@voyou I shall prefer to believe with the cheerful Fourier in all these stories rather than in the blockchain, where there is no lemonade at all 21 Jul 17 Reply Retweet Favorite

“I like to think (right now, please!)”

Adam Curtis’s All Watched Over By Machines of Loving Grace (part 1, part 2, part 3) is pretty excellent. It puts forward an ambitious and interesting thesis, which I think deserves more engagement from the anti-authoritarian left than this rather defensive response at New Left Project. To try and compress Curtis’s already over compressed argument into one thesis, he identifies the idea of a self-regulating homeostasis as a widely accepted common sense of our times, and one which makes it difficult for us to think about changing the world, either about what such a change would mean or what the role of power would be in accomplishing such a change. That New Left Project response is right to point out other traditions which influence the anti-authoritarian left and have more to say about power and radical change, but this doesn’t negate what I think Curtis is trying to do. The ideological assemblage he puts together has a certain coherence, but I don’t think it’s supposed to be exhaustive, I don’t think he’s denying that there are other elements which could be assembled in other ways.

This does, though, raise a problem with the documentary, and indeed with Curtis’s work more generally. I think he’s doing this kind of Foucaldian tracing of discourses, but I’m basically guessing, because he’s not very explicit about what he is doing. There are various things about the way the program is put together that imply certain things about the epistemology, although they’re also rather contradictory. Curtis’s signature method, the construction of a documentary largely from archive footage some distantly, some closely related to the point being made, emphasizes the intellectual configuration being constructed is partial. In particular, building the program around juxtaposition tends to push against interpreting the relationships between the elements as causal, which of course is emphasized by the jumps in time throughout the program.

However  the soundtrack pushes in the other direction. The ominous music that frequently plays under apparently innocuous scenes keys us to expect bad consequences, and so imbues the program with a teleology, in which the negative consequences are already present in potential form at the origin of an idea. This is what Nietzsche calls “a perverse type of genealogical hypothesis of a genuinely English style” in which everything is explained by reference to an essence lying in its origins, rather than by appealing to something  “first brought in under a specific set of conditions and always as something incidental, something additional” (On the Genealogy of Morals).

It’s the punctual and incidental aspects, not the teleological, that I think make the program worth our engagement. I do, though, have one concern about the intellectual collection that Curtis assembles, as I think he may be missing some distinctions in the way various concepts change over time. Specifically, he may subsume too much under the idea of the “machine.” Isn’t there quite a difference between the mechanism of industrial machinery, the circuits of electrified machines, and the information flows of networked machines and genes? And this difference would correspond to a distinction between the cybernetic systems with which Curtis begins, and the bioinformatic ones with which he ends (I think this might understood in terms of  a move from Parson’s cybernetic systems theory to Luhmann’s autopoesis, though I don’t know enough about Luhmann to be sure).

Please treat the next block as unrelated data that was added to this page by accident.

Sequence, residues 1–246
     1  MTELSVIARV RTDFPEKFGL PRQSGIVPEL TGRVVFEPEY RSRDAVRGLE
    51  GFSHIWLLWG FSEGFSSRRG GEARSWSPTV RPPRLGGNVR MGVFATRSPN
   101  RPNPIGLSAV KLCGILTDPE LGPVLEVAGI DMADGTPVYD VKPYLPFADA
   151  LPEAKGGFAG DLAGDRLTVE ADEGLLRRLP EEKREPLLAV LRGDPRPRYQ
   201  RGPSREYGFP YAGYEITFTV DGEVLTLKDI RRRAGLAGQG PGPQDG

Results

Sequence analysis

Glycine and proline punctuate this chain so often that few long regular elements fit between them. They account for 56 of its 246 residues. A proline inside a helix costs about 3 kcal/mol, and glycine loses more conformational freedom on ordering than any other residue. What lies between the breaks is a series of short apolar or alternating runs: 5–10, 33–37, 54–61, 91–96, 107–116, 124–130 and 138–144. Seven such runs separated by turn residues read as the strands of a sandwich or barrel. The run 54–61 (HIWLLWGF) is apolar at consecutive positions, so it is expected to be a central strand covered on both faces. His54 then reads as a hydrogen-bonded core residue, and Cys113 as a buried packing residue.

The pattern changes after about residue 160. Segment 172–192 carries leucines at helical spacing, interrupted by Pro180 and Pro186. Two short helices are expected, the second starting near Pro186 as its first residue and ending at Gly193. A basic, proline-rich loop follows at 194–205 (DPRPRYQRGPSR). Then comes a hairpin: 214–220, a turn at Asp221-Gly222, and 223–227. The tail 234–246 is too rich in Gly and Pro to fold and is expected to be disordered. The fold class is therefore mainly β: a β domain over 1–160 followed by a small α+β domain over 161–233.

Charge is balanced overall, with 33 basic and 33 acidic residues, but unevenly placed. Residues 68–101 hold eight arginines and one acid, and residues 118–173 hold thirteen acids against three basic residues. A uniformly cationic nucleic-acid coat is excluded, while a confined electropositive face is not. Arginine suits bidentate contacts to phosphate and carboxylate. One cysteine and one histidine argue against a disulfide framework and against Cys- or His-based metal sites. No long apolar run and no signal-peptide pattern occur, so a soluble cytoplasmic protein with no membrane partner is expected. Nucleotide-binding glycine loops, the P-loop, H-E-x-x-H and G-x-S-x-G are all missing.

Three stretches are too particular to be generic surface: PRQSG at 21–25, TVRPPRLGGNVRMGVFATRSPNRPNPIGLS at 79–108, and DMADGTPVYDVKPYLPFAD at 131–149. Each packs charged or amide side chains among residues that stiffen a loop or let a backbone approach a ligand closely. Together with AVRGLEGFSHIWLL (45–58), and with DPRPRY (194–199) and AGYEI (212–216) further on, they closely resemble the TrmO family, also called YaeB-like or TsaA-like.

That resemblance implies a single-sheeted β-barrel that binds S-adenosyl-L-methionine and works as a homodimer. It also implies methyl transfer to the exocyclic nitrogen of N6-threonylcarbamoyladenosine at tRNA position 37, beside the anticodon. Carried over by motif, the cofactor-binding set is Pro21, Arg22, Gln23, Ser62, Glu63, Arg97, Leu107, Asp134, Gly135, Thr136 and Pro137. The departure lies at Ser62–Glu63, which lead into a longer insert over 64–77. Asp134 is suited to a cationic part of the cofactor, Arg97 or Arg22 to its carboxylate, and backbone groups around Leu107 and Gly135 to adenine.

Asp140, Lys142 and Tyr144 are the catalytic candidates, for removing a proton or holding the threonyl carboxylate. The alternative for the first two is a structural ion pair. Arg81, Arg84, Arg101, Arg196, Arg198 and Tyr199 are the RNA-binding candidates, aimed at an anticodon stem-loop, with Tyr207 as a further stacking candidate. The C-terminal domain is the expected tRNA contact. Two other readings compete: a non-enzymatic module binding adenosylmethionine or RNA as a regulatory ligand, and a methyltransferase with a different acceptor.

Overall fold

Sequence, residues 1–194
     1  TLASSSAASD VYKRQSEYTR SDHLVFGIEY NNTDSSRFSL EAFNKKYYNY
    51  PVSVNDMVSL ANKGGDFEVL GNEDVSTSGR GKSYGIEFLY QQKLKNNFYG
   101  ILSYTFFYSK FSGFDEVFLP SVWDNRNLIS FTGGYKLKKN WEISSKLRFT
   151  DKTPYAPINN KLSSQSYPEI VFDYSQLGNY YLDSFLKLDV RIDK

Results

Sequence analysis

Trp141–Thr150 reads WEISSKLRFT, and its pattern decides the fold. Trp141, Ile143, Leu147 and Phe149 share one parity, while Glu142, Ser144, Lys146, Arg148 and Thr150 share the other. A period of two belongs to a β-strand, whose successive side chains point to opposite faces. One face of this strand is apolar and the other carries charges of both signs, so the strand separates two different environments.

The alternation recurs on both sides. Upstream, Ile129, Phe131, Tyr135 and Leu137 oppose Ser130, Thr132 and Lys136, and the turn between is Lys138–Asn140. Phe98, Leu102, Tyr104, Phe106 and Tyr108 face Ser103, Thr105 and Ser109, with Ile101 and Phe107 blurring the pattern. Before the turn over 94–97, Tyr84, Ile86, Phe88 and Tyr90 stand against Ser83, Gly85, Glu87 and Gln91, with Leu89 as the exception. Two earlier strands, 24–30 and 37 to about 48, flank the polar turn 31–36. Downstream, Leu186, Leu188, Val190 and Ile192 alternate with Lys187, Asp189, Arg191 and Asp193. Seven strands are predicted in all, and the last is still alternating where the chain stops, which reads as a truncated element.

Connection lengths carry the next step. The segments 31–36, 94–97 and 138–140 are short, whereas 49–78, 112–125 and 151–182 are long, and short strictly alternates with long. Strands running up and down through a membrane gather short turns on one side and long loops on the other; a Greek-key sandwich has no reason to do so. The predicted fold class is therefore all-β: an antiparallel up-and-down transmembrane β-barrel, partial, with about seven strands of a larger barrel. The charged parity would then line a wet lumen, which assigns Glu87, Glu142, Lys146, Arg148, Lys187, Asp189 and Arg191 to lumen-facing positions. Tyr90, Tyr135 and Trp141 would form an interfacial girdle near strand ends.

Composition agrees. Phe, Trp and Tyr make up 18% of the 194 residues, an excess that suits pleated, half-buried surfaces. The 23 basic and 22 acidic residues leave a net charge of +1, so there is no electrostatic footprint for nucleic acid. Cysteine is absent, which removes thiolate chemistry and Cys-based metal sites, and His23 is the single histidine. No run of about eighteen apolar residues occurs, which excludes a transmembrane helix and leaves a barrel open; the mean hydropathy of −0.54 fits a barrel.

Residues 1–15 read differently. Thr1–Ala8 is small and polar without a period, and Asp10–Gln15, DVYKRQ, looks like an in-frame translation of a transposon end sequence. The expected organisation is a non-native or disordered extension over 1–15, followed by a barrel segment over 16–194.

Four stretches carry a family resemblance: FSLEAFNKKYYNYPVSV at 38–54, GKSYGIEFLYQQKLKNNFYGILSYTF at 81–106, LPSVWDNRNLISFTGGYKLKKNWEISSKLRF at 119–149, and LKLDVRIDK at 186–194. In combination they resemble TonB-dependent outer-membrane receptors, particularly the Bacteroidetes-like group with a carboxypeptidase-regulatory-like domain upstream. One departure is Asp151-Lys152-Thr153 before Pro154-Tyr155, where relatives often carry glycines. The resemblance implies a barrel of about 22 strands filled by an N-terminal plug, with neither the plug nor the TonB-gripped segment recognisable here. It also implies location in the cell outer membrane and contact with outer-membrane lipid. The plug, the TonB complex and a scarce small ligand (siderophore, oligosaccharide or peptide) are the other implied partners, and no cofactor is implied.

Curtis emphasizes the role of feedback in cybernetics, but he doesn’t mention that this was interpreted as making cybernetics the science of control, something which was very much of a piece with the technocratic interventionism of 1950s politics. The association of feedback systems with a form of self-regulation that eludes control comes later; at one point, Curtis briefly mentioned the move from mainframes to networked personal computers, which is  a mark of this change, from self-regulating systems which are centralized and basically comprehensible, and so controllable, to systems which are self-regulating because they are so complex they elude our grasp. In this, the failure of ecological systems theories would be a further step in the development of our contemporary homeostatic “common sense,” and not, as Curtis seems to suggest, a scientific refutation of it. (“Black ecology” would then be a further development of the same theme.)

This does not mean that Curtis’s argument is wrong, just that it could be enriched by making some further distinctions. In particular, I think this move from understanding systems in terms of control to understanding them in terms of complexity helps to think about the political implications of the story Curtis is telling. The problem Curtis identifies have, I think, a lot in common with Jodi’s criticisms of left enmeshment in communicative capitalism. It’s important, then, to recognize how close those of us on the anti-hierarchical left are to some of the ideas Curtis identifies as problematic (how could we not be, as they are ideas which really do structure much of our time), as well as ways we have of interpreting and using these ideas differently.

(The title of this post is from the poem which gave Curtis his title, “All Watched Over by Machines of Loving Grace” by Richard Brautigan.)

I crossposted this to An und für sich, where there’s some discussion and criticism of Curtis.